New York - With the New York area’s Jewish community still facing repercussions and acts of hostility because of the latest measles outbreak, a new report has identified a wealthy Manhattan couple as a significant source of funding for the anti-vaccination movement.
According to a report today by the Washington Post, Bernard and Lisa Selz have been contributing large sums of money to groups that question the MMR vaccine’s safety and success for the past seven years, with $3 million donated to the cause since 2016.
A 79 year old philanthropist with four decades of experience in the securities business, Bernard Selz runs Selz Capital, which holds a portfolio valued at upwards of $500 million.
His wife Lisa has been involved in managing the Selz Foundation for over 25 years, supporting humanitarian, environmental, cultural and artistic causes. Their support of the anti-vaccination movement has given the small but vocal group that opposes immunizations the ability to spread their message to the masses, a factor that has played a key role in the latest outbreak that has soared to record numbers, with 868 measles cases confirmed in New York City and Rockland County since October.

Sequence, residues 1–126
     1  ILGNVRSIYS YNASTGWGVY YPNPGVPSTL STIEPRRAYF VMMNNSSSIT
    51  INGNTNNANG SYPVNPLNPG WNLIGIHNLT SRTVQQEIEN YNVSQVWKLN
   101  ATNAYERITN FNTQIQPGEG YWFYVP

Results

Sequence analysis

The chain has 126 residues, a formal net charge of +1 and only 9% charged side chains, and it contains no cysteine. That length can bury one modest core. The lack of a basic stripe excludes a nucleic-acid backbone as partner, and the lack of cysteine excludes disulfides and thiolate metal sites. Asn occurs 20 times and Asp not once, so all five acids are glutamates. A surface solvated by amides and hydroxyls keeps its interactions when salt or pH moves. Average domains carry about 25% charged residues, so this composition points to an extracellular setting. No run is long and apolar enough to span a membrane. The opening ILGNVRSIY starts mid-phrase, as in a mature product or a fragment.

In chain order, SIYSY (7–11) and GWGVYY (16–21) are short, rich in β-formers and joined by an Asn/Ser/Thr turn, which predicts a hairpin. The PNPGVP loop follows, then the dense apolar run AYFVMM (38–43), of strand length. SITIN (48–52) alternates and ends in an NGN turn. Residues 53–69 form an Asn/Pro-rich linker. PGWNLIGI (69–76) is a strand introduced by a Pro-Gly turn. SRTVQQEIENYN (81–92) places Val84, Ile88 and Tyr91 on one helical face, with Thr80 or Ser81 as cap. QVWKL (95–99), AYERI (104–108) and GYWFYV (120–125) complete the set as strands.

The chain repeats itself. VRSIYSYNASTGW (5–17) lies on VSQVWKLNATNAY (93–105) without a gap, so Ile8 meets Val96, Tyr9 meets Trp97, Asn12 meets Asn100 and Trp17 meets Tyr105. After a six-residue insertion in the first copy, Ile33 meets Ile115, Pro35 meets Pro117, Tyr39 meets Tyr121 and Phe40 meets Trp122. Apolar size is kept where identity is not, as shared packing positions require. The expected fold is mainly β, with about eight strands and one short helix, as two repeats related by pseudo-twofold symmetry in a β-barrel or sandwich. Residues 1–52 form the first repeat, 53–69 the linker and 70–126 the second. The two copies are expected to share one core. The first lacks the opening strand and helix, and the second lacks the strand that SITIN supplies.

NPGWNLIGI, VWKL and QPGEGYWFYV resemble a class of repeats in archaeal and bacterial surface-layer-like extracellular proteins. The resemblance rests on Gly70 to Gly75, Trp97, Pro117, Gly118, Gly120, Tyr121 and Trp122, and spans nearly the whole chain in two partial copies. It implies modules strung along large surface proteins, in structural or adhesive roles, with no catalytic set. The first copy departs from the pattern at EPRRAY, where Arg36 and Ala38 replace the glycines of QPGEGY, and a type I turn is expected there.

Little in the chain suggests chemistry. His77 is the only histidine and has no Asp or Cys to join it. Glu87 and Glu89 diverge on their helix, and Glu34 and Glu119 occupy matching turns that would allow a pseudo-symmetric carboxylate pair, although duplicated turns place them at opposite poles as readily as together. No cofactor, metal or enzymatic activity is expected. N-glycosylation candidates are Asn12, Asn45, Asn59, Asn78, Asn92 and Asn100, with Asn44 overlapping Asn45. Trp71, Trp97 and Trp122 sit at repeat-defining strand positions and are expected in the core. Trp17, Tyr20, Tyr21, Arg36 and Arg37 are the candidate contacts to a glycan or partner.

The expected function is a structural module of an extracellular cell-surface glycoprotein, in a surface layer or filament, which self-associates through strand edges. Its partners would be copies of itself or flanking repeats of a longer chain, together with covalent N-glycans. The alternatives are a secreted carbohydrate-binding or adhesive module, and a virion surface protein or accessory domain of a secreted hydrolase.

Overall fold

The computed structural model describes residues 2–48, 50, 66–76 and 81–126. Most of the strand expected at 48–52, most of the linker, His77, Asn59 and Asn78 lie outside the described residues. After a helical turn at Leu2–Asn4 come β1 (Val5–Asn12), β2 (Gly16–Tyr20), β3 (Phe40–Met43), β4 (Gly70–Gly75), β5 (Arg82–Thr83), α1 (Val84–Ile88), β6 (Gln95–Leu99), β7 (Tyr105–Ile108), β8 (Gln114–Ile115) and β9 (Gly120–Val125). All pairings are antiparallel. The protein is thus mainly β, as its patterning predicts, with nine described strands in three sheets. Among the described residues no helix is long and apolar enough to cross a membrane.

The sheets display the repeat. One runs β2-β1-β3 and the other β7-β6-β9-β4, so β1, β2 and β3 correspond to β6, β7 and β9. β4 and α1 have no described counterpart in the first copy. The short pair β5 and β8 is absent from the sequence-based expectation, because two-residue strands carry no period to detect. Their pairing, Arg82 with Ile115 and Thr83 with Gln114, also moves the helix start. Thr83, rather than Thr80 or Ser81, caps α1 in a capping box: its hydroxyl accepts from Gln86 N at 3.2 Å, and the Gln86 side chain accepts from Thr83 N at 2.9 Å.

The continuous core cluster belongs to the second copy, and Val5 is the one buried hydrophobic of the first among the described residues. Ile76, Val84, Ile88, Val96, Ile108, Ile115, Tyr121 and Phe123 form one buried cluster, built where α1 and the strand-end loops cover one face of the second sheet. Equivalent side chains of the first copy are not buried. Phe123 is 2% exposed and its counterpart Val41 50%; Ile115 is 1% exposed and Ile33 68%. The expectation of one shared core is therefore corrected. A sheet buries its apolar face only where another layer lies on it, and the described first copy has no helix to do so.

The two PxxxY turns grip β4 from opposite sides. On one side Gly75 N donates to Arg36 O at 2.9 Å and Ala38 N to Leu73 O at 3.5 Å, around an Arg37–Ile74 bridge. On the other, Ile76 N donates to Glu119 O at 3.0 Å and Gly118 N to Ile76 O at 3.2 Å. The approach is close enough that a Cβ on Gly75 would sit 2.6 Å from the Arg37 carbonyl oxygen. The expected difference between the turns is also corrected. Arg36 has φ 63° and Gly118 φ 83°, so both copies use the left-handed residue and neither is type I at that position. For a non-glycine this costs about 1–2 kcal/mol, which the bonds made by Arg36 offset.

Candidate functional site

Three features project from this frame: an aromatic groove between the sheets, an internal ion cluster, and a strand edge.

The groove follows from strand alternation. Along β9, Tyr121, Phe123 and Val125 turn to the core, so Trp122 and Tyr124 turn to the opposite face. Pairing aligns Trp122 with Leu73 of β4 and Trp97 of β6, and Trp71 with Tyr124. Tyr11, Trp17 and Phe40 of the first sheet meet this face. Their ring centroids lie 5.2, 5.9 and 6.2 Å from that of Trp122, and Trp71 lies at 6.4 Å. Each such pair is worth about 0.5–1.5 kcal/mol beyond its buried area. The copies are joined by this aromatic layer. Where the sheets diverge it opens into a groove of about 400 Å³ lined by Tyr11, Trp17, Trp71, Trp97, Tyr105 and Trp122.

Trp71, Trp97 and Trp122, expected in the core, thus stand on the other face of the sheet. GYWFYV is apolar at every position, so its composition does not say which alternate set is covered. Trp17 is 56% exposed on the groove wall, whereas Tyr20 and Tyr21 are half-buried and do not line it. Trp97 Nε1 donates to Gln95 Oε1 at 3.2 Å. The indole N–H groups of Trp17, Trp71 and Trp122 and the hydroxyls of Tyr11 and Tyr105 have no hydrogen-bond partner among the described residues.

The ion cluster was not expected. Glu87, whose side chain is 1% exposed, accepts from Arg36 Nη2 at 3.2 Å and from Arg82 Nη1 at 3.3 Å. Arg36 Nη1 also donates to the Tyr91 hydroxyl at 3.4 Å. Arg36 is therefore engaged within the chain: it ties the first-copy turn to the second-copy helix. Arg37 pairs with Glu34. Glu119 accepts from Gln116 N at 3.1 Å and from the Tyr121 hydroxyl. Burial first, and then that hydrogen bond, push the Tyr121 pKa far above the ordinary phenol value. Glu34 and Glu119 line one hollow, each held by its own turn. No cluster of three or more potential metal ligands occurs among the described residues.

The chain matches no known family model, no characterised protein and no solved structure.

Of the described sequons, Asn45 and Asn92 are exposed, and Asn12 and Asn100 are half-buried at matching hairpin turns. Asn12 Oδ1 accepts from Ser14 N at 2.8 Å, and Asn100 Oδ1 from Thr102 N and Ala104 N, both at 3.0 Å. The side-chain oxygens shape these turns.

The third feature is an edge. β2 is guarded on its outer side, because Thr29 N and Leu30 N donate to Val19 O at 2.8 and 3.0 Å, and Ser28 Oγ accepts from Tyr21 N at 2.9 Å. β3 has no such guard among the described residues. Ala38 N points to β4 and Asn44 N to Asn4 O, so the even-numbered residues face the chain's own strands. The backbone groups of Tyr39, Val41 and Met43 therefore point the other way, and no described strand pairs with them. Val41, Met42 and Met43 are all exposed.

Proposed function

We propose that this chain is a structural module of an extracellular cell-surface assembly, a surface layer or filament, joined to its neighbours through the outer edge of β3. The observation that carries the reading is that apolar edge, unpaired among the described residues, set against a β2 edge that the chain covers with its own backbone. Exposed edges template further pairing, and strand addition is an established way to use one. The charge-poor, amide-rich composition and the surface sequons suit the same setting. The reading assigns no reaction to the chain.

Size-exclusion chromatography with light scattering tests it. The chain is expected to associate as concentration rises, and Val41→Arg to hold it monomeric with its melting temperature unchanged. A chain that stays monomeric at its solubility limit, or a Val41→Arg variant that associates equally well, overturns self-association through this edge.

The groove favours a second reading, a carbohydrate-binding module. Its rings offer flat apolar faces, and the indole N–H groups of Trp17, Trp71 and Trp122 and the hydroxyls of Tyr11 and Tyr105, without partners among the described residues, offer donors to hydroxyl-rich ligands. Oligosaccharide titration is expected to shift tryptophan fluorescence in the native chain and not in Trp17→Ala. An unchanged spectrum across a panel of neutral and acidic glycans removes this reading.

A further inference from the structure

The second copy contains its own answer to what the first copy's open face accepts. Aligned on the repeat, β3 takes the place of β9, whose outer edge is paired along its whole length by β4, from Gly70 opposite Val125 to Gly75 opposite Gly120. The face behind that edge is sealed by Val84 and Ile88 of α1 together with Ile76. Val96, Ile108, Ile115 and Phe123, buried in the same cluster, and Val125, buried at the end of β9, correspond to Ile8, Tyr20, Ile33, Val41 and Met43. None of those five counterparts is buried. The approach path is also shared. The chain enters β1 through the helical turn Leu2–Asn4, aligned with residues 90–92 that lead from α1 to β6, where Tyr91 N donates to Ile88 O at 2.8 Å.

Since 2016, the Selz Foundation has been the main funding source for the Informed Consent Action Network, whose stated mission is to eradicate man made disease by “exposing shortcoming with our vaccine program” and promoting parental choice. Tax records show that the Selzes donated $100,000 to ICAN when it was first launched in 2016, upping their support considerably in 2017 when they donated $1.05 million, an amount that comprised approximately 75 percent of the organization’s annual budget.
The Selzes were also among the primary funders of an anti-immunization documentary charging the CDC with destroying information linking vaccinations and autism whose producers included ICAN founder Dell Bigtree. A self-proclaimed expert on immunization safety, Bigtree has been the featured speaker at two recent anti-vaccination events aimed at the Orthodox Jewish community in Brooklyn and in Monsey. Speaking to reporters in Brooklyn about parents who refuse to vaccinate their children Bigtree said, “They should be allowed to have the measles if they want the measles. It’s crazy that there’s this level of intensity around a trivial childhood illness.”
Numerous measles-related anti-Semitic incidents have been reported in recent weeks. A Chasidic woman found herself subjected to obscenities by an Uber driver who made a comment about “measles people,” as previously reported on VIN News (http://bit.ly/2XnCAu6), while a B57 bus driver was placed on limited duty after making a measles-related remark to a Chasidic passenger.